The Importance of the Immigrant Stories Told On MasterChef Australia


The 2020 season of MasterChef Australia has been one to watch. Even though fans had their reservations after former judges Gary Mehigan, Matt Preston and George Colombaris left the franchise, the series has continued to impress.

Not only did the show find a winner by bringing back past (favourite) contestants, the new and diverse judges — Andy Allen, Melissa Leong and Jock Zonfrillo — have hit a sweet spot and delivered a fresh burst of energy to the show.

On the whole, MasterChef Australia: Back to Win is a recipe for success — at its core, it’s a heartfelt and heartwarming series — especially highlighted in an episode that aired on May 27.

The episode was not only an emotional one for the contestants, but social media users around the country were just as moved.

The challenge involved the contestants receiving a photo from their childhood and then having to create a dish that reminded them of their loved ones.

But it was Kahn Ong, Reynold Poernomo, and Poh Ling Yeow, whose stories described a multi-cultural Australia and the often tumultuous beginnings that immigrants to our country face.

Ong was given a photo of himself as a two-year-old. What looks like a normal family photo, meant so much more to the fan-favourite, because it was taken on the day that his family arrived as refugees from Indonesia to Australia.

“I was born in a refugee camp. And that’s after we’ve got approved to migrate. I don’t remember much, but it kind of was like a massive change in our lifestyle and where we are now,” he said.

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Family ❤️

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Ling Yeow, another firm fan-favourite, made a bowl of noodles covering distinct Malaysian flavours. She told the story of her father, Steve, a musician, who instilled in her to have belief in herself.

“Growing up I kind of felt a little bit invisible as a migrant kid, and always kind of dreamt that I would make something of myself,” she told the judges when presenting her dish. “And so everything is kind of hidden under that, under those noodles, and you’ll see what it tastes like.”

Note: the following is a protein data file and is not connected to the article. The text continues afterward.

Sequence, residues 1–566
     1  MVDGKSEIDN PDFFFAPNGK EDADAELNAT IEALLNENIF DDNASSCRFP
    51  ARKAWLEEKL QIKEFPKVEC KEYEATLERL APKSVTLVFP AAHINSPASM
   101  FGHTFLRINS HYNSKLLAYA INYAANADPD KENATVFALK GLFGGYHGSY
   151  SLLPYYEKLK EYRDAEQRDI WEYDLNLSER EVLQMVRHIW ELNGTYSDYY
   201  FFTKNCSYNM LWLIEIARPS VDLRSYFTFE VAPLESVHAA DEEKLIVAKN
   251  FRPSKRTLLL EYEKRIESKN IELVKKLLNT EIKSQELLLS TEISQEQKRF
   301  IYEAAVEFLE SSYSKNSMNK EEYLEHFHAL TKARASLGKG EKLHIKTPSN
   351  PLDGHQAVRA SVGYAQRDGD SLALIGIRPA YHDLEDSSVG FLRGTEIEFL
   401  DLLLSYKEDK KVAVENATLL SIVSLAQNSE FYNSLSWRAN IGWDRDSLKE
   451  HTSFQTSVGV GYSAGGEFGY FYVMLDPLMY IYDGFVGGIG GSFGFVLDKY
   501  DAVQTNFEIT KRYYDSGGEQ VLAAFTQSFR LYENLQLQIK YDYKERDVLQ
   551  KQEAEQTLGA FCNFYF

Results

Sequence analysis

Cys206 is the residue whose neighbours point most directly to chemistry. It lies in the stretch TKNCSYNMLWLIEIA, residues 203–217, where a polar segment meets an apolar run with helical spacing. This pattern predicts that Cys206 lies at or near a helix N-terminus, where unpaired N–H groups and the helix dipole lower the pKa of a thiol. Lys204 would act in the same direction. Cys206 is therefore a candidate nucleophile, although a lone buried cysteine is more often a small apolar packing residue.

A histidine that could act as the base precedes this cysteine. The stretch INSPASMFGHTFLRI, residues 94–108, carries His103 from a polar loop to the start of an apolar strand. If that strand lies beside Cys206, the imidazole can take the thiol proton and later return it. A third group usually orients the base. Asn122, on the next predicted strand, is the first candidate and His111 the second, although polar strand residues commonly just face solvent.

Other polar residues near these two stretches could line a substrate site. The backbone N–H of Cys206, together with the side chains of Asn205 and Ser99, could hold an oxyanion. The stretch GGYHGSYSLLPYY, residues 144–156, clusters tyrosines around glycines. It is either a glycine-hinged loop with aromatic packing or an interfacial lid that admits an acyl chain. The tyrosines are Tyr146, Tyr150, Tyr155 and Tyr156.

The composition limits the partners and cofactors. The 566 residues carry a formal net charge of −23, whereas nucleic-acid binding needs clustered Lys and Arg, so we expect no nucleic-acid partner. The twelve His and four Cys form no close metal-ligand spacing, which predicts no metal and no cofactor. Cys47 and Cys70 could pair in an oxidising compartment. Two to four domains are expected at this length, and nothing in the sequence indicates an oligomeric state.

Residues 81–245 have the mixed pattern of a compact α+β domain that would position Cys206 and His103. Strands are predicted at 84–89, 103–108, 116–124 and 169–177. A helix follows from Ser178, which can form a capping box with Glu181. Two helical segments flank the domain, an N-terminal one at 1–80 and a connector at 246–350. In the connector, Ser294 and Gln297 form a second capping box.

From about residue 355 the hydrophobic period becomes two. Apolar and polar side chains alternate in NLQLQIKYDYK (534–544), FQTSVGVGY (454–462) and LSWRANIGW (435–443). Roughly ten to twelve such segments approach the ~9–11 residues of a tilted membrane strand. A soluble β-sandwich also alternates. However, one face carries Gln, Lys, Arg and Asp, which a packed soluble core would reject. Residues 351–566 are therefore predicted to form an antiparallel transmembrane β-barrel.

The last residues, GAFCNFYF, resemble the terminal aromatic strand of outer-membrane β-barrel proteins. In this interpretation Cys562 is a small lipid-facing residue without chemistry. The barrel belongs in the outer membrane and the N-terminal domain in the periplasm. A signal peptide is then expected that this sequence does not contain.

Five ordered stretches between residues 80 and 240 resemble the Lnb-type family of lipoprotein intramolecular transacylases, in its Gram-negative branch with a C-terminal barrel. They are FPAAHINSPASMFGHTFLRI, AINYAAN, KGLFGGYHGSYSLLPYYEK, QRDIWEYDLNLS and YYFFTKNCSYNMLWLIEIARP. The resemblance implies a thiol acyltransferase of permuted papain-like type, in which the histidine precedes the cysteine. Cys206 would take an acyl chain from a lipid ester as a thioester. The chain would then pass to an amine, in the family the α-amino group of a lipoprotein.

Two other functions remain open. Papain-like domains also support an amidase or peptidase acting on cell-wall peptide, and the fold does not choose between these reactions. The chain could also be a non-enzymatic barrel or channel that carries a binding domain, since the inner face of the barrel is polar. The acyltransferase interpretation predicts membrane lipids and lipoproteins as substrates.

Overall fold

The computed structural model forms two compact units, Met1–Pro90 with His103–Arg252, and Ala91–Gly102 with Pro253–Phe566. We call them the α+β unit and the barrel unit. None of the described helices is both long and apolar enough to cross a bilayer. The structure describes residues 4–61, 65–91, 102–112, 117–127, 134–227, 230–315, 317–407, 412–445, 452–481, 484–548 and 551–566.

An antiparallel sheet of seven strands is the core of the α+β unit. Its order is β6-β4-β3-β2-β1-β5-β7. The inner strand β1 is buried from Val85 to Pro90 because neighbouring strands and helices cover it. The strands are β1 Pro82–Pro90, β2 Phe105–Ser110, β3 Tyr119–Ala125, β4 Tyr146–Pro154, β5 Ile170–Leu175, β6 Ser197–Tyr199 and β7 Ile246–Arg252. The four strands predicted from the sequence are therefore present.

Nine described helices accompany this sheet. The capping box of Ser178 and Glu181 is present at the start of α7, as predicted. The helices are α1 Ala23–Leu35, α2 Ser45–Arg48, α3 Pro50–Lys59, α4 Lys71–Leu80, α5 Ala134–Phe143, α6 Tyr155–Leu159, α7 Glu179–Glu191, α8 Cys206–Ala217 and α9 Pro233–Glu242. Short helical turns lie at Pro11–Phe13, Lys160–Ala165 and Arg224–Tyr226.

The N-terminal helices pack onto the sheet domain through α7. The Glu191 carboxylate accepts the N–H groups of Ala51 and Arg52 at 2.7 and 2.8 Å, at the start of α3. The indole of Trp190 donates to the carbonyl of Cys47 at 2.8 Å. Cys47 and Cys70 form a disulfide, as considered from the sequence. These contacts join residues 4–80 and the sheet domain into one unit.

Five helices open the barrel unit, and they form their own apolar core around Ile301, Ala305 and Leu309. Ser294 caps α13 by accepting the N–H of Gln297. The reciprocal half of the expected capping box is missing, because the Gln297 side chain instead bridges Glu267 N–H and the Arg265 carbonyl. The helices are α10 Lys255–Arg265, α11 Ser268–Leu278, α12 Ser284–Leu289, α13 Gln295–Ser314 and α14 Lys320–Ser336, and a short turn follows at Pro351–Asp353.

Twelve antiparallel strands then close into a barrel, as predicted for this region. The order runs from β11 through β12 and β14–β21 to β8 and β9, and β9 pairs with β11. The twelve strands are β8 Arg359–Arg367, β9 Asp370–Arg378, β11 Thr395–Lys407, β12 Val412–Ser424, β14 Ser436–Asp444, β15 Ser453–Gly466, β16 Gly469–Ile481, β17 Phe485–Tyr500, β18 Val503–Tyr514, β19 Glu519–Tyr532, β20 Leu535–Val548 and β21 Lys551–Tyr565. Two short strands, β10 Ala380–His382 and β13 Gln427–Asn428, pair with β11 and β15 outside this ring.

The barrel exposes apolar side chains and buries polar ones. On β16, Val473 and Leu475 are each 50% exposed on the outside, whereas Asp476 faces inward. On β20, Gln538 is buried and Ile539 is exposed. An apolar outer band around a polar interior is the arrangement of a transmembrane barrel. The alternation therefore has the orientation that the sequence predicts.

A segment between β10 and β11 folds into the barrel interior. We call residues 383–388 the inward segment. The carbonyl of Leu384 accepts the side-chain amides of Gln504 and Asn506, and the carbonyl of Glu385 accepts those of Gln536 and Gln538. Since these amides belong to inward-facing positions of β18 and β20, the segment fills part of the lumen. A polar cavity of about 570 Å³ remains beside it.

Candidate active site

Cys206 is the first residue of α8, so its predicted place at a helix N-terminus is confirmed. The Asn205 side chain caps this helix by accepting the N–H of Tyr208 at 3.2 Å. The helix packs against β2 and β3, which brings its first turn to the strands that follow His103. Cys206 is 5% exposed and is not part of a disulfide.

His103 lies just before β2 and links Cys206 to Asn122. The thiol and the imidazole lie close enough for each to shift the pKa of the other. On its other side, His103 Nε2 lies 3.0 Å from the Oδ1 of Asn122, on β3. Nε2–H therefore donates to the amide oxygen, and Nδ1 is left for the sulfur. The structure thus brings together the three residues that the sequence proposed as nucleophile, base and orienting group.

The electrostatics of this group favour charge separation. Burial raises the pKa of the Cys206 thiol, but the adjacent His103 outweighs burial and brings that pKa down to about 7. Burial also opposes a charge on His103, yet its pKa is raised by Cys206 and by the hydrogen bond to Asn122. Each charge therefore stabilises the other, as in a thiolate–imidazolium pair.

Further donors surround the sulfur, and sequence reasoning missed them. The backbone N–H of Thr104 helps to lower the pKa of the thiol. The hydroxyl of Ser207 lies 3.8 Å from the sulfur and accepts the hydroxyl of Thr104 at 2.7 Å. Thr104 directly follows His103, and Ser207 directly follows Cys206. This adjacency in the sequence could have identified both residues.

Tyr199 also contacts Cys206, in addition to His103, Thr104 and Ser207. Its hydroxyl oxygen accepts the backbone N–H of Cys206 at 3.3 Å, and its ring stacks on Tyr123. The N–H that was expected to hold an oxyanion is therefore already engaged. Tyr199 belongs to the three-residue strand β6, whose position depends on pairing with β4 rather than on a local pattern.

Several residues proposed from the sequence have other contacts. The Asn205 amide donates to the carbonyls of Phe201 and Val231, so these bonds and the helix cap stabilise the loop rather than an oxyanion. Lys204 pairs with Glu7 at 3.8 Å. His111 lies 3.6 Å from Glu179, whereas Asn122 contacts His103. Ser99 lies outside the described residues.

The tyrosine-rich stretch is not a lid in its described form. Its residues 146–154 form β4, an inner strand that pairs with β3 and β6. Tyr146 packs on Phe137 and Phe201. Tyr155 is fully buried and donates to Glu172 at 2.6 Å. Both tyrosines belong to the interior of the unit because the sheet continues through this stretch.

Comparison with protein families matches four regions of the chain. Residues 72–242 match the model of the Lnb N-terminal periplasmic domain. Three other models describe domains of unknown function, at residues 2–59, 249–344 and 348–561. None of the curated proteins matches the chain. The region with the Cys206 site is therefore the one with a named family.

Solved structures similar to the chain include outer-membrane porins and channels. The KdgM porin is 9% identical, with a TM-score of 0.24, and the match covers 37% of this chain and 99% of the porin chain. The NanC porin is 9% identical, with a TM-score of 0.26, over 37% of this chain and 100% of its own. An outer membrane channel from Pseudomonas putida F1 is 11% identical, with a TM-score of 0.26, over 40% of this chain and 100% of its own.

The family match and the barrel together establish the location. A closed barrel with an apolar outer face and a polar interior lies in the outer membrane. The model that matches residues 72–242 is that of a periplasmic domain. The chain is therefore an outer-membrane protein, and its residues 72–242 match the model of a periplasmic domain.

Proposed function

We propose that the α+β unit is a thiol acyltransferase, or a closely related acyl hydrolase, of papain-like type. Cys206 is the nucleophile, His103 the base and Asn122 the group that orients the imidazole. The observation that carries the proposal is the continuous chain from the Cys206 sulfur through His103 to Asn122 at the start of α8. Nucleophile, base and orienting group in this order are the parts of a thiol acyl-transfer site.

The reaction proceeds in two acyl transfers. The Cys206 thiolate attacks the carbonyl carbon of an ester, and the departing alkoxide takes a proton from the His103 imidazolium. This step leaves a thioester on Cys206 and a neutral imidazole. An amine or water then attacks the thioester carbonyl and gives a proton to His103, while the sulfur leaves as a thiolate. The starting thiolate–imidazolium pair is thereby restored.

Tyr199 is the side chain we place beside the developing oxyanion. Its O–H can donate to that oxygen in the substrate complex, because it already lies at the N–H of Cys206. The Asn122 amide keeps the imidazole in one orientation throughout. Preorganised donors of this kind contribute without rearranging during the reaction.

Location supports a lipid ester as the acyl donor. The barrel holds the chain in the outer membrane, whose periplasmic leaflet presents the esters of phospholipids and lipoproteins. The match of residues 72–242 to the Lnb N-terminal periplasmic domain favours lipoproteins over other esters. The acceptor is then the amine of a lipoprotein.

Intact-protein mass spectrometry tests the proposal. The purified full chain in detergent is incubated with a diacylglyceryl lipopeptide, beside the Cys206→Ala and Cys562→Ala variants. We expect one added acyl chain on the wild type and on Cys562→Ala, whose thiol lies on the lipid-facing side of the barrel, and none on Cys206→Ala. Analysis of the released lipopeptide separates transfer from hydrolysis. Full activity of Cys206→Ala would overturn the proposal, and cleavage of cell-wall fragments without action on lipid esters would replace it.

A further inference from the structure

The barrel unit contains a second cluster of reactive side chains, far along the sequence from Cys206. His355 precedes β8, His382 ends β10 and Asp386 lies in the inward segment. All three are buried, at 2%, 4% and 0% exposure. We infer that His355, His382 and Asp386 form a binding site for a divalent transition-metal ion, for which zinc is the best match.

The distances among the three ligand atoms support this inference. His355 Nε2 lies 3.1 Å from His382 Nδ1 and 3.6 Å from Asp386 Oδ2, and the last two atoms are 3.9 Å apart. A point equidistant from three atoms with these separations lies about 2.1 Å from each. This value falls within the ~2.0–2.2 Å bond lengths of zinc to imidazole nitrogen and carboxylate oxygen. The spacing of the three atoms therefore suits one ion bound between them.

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So happy @brendan_pang and I both got thru on our DanDan noodles from last night’s Family Photo Mystery Box ?. Mine is a vegetarian version with chilli oil & spiced Szechuan sesame sauce | vegetable bundles – Choy sum, snopeas, enoki mushrooms, fennel | underneath the noodles lie secret ? marinated shiitake mushrooms, coriander, spring onion because I love things that look unassuming but then surprise you with substance. For the doubters that Vegan cooking can be tasty as heck, I’m challenging u with this dish. Recipe on #tenplay ? Thanks for the inspo, Dad! Wow, what an emotional day it was and a solid testament to how we cook when we are inspired by love, family and tradition @masterchefau #masterchef #masterchefau

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Judge Melissa Leong, a proud Singaporean-Chinese Aussie, also spoke about her experience as a daughter of immigrants.

“You know, growing up in Australia as the child of migrant parents as well, there was always a sentiment in the Chinese community about sort of, ‘Always let them underestimate you… and then exceed their expectations’,” she told Poh.

Poernomo’s photograph showed him as a little boy sitting in between cardboard boxes. He told the story about how he was often left alone because his parents had to work hard at their restaurant to make a living.

“I remember immigration getting my parents taken away for a little bit. The restaurant closed down, of course. My brother was getting food for me when I was hungry,” he said.

The episode was as moving and poignant and is a very real and important look at the faces who make up Australia, and the perfect example of why we have such rich, diverse, and delicious cuisine in this country.

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